[eDebate] That Stratfor 11-8 Card...

Jean-Paul Lacy lacyjp
Fri Nov 18 02:34:37 CST 2005


Mr Friedman:

Given recent events, I think we all understand the importance of credible 
intelligence.

One of my debaters sent you a question about an article published on 
Stratfor.com.

Your response is below. It amounts to "We're right...get a date, get drunk 
& rob a liquor store..." This is not the way to conduct information 
gathering, nor "intelligence" as you call it.

This is a chance to re-establish your credibility.

You should do so immediately.

If you allow the impression that your intelligence analysis is tainted by 
competitive interests in collegiate debate to continue, you are tainting 
your credibility in DC.

If you need a list of influential DC policy makers who were intercollegiate 
debaters, we can provide that. The list is numerous and powerful. All of 
them understand that bad intelligence is horrid, that cheating at debate is 
wrong, but even more that creating bad intelligence in order to cheat at 
debate puts our entire nation at risk.

Would you cause another Pearl Harbor or 9-11 to win a debate round? I hope 
not. Would you allow one of your analysts to do the same?

The article published at 
http://www.stratfor.com/products/premium/read_article.php?id=258235 
(accessible via google news with a "As China's leadership" "demonstrate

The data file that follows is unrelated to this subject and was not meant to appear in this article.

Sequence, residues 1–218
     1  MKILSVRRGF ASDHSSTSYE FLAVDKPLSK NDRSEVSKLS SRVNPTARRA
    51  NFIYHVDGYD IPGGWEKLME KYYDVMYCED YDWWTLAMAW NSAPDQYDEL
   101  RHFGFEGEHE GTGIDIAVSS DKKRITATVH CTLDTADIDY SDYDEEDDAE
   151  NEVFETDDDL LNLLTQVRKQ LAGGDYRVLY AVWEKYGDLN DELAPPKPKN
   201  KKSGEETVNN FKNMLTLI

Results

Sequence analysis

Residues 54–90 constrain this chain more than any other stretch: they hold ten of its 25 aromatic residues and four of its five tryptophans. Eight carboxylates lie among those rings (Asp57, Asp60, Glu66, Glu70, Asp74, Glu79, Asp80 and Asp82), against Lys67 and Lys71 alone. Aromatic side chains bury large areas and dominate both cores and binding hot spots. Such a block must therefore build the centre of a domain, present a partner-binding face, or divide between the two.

positive actions" search) creates the impression that someone in your 
organization created "intelligence" for intercollegiate debate. Some of the 
smartest minds of our community have expressed the belief that "that 
article is too good to be true...its obviously written for the 
topic...someone must have an 'in' at Stratfor."

That said, if college debaters & their coaches do not believe what your 
analysts write, you have a major problem. Even the popular press had 
trouble buying the "Nigerian yellow cake" story. College debaters are 
better investigators & consumers of information than the popular press. 
They aren't 'kids.'

When intelligent people question the integrity of your analysis, you have 
got to provide further explanation.

Your response to a legitimate inquiry about the sources of your information 
as well as the author of you analysis does nothing to assure any consumer 
of information that your sources are credible or that your analysts have